The Blackboard Jungle Symposium is designed to support UVM faculty, staff, and all others seeking to develop skills, knowledge, and a deeper understanding of diversity that supports excellence in teaching, service, and research. The symposium sessions are dedicated to creating “open spaces” where all members of our community can participate in authentic dialogue, valued reflection, and expanded learning to promote inclusive excellence for all.
The title "Blackboard Jungle" refers to a 1955 film that dramatizes the complicated relationship between teachers and students in a multi-racial inner city high school. A white teacher encounters resistance from both students and faculty as he attempts to challenge his students and run an orderly classroom. We screened the film during the first annual “Blackboard Jungle” symposium, and those in attendance found it to be an excellent jumping off point for discussions about race and teaching in our classrooms here at the University of Vermont.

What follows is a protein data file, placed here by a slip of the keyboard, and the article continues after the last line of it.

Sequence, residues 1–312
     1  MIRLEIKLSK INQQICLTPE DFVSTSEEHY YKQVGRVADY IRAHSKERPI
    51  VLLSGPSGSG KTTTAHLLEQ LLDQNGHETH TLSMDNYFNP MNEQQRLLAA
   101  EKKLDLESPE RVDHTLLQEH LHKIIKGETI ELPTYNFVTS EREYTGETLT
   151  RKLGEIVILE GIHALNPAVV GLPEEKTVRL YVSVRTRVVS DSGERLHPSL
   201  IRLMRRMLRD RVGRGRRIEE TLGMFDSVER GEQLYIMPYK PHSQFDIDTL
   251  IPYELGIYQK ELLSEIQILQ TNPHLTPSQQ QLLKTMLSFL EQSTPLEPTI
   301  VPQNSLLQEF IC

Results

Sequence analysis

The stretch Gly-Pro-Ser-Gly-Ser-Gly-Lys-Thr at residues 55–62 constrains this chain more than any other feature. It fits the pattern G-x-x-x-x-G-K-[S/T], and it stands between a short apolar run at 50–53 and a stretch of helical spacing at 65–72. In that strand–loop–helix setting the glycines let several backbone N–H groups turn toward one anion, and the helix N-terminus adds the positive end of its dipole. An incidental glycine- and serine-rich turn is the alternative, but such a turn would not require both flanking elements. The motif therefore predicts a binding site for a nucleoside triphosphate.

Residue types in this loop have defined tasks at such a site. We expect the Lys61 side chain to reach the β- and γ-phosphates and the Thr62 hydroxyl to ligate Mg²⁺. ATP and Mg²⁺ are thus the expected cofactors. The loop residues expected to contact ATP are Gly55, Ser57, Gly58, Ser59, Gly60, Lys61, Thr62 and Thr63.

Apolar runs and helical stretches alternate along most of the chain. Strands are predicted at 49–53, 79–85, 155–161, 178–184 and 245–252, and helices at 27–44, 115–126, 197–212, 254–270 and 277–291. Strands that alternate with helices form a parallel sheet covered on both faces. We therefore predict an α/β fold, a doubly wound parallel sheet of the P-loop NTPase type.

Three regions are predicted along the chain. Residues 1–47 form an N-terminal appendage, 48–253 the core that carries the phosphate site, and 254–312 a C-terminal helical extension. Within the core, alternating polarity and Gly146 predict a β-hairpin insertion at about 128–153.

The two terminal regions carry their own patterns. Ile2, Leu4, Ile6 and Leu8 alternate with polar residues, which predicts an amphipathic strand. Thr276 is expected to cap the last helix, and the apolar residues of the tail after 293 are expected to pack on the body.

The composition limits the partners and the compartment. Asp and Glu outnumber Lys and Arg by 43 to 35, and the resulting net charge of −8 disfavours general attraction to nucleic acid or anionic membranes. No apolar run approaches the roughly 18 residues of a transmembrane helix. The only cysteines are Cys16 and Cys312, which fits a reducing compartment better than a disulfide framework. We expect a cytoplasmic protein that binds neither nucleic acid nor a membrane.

Faculty and staff find that we have to navigate our own "jungles," ideologically speaking, as we find our way through student fears and inexperience when it comes to issues of race, color, gender, gender identity or expression, sexual orientation, national and ethnic origin, socio-economic status, cultural and/or geographic background, religious belief, age, and disability. These "jungles of resistance" are why we gather annually to participate in "Blackboard Jungle," where faculty and staff inspire each other with experience, wisdom and strategies for educating and guiding our students here at UVM, and equipping them with tools that will enhance their experiences in an increasingly diverse world.
Last modified February 14 2017 08:23 AM